The church attendance thing, that reminds me of the button i used to wear: "Religion is a drag. Knowing Jesus personally is something else." i stopped wearing it because i found it unnecessarily divisive. i stand by the sentiment, though, and i think that may be where at least some of these people are coming from. Worshipping with the body of believers is something else yet again, and you find it and a whole host of other things best in church, despite all the other baggage there.
    Finally, whether electronically or in person, it's important we connect despite our differences. A loner position is more natural for me, but it's important that loners too connect. Asking questions and really listening, giving thoughtful summaries of where we stand instead of chanting slogans, all that builds bridges.
    Thanks for taking on the dicey topic!

  8. Valerie> Thanks for your comments! This is definitely an interesting topic. I think our culture and society have shifted so dramatically over the last decade or so that we find ourselves in a much different world. Businesses are much more about the bottom line (in order to survive and compete in a global economy, I think they may have to be). Attitudes on both sides of the fence--employer and employees, are not the same as they used to be. I am persuaded, though, that generational differences seem to be more edgy than ever. I am often amused by some of these things, but I'm also sometimes concerned by some of the coarseness & disrespectful things I see that seems to be acceptable if not lauded. I could see how that very well could be more cultural than generational.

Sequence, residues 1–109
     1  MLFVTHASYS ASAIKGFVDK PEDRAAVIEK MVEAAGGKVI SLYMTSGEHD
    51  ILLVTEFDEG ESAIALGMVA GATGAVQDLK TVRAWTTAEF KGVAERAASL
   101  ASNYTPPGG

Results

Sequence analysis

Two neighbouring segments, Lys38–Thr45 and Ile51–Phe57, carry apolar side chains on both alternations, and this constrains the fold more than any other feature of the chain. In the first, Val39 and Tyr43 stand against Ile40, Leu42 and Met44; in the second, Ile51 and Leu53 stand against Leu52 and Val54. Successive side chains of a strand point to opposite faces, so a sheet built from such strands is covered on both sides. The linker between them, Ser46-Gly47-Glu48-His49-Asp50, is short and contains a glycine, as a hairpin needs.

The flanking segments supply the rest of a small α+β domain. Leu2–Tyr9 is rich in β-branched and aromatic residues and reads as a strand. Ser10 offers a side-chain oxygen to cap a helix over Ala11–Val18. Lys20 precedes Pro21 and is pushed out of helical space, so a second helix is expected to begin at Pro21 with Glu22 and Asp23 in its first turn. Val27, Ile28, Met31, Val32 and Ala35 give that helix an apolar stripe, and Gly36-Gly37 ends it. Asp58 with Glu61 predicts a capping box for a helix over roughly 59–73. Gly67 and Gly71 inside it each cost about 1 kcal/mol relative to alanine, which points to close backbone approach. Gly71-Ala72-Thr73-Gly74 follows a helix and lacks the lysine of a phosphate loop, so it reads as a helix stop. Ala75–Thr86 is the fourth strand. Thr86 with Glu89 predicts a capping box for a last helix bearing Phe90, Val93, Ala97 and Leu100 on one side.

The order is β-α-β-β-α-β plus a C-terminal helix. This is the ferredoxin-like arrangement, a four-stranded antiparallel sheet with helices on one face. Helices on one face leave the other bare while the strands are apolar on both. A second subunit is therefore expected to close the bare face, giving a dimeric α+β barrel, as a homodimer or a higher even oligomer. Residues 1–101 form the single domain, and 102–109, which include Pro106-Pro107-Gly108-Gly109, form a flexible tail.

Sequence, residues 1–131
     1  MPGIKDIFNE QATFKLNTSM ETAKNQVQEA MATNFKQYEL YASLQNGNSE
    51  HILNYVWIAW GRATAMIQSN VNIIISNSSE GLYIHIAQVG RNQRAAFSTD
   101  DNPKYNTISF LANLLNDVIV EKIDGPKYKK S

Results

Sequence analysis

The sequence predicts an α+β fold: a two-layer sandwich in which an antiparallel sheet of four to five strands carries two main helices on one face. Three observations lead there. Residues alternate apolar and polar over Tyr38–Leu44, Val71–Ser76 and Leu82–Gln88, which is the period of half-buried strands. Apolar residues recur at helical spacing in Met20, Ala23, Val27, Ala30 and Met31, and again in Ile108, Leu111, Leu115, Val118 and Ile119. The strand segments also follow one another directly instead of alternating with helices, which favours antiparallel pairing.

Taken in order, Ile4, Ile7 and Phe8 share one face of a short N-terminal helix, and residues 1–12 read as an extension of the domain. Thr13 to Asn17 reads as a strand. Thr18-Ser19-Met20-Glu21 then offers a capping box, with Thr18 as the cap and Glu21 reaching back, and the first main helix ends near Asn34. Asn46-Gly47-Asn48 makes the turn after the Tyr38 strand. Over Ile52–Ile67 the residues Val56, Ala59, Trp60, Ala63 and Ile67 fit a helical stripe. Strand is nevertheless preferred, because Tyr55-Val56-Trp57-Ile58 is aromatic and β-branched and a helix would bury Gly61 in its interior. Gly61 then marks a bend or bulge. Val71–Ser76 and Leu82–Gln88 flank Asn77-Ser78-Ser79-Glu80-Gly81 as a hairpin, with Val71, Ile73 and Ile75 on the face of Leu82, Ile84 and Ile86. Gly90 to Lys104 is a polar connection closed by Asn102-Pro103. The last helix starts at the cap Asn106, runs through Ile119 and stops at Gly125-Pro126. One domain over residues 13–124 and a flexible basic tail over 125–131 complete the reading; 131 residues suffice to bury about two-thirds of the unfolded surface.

But on the other hand, I personally know lots of Gen Yer's that have impressed me. I can think of one young lady in particular who works circles around her co-workers, has one of the best attitudes and personalities I've ever witnessed, and is just an incredible and amazing person. Conversely, I have witnessed a few Baby Boomers with some of the worst attitudes and perceptions about work.

    Chris is right--social media is a great equalizer and a wonderful way for all of us to connect and share experiences, thoughts & beliefs, and we definitely have much more in common than the differences that would seemingly divide us.

  9. Well, social media is ONE equalizer. Anything that you can gather 'round and not notice age until later helps. In our book club, we're periodically being taken by surprise, being re-reminded that we have millennials and boomers happily conversing and learning from each other. But months on end go by, & we barely notice.

    Myself, i suppose i talk a bad work attitude. My paper trail certainly isn't the best. But the jobs i've had have been because someone knew me and wanted ME, and they were happy with me as long as i was content to stay.


Thank-you for taking the time to comment!

About Me

My photo
I work for a Community-Based, Not-for-Profit agency. I have worked in the disability field for over twenty-five years. I am the father of two boys, and have been married to my teenage sweet-heart for 23 years. I live and work in the same town where I was born & raised.
Real Time Analytics